In John Paul Jones (1959)however, the castle represented Whitehavenbeing stormed by Jones’s raiding party.
The point where we see them climbing upwards with the castle wall to their right is the Punta del Diamant.

At another part of the castle, next to the new audio-visual centre by the Torre de les Pusses, we can still see one of the boats used in the film Java: East of Krakatoa (1969).

The centre of Denia has many landmarks that were part of the ‘invasion’ of Denia that constituted the making ofJohn Paul Jones (1959).

Coming down from the castle, and entering the Plaza de la Constitución, we find the church (Asunción) where Mia Farrow used to hand out food to the hungry poor of Denia as part of her duties as Queen of the Festival of 1958.

In the Glorieta del Pais Valencia is a restaurant called La Casa de l’arròs, which in 1958 provided accommodation for some of the crew working on the film.

In Calle Marques de Campo at number 17, we find what used to be the Hotel Comercio, where members of the production team stayed,

and at the end of the same street is the ruin of what used to be the Bar Mediterranea, one of the logistics centres of the film.

In the Plaça del Convent, where the church of San Antonio stands, one side of the square is made up of the English warehouse (El Almacén de los Ingleses), a name that refers to its use by English merchants for storing Denia’s main export; raisins.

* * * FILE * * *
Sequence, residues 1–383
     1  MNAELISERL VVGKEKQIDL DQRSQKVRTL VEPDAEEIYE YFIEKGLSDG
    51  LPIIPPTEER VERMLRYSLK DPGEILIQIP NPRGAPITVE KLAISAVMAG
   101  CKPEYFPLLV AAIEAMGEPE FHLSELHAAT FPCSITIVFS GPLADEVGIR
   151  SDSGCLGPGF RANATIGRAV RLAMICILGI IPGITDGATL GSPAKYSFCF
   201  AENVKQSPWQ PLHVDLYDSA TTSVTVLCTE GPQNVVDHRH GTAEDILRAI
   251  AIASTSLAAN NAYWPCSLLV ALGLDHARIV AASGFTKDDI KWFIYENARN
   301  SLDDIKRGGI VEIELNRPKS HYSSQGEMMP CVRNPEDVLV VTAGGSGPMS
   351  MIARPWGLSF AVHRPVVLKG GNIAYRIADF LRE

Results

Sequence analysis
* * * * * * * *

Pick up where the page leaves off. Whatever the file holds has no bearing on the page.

The building, which is now a Mercadona supermarket, was used as the HQ for the film, for costume storage, as well as for the shooting of some ship interior scenes for the film Java: East of Krakatoa (1969).
It is the port that has been the main attraction that Denia offered film-makers during the 50s, 60s and 70s, before modern buildings sprang up (ironically partly due to the new-found prosperity brought about by the influx of foreign film companies looking for authentic, old-fashioned locations).

In the section of the port located at the end of Passeig del Saladar, ships came and went for films such as Cervantes (1967), which was an attempt to tell the story of Cervantes’ youth with locations all over Spain including Denia for the port scenes representing Algiers, which is curious bearing in mind that when Cervantes returned from captivity to Spain, he actually landed in Denia.

The Four Musketeers (1974),where we see the brief port scenes, including the assassination of the Duke of Buckingham (Simon Ward) and Milady’s return to France after plotting his demise. In The Three Musketeers (1973) the port scenes were shot during August and September 1973 in Denia.

The Dover port scenes were shot at the dockside, whereas the port of Calais was represented at nearby (certainly nearer than Calais) El Raset, with the black façade of the ‘Cofradía de Pescadores’ (Fishermen’s Building) in the background.

InJava: East of Krakatoa (1969). Denia became Singapore, with a bit of paint here, an Oriental face there with a lot of sea and men throwing buckets of water and rubber rocks at the actors.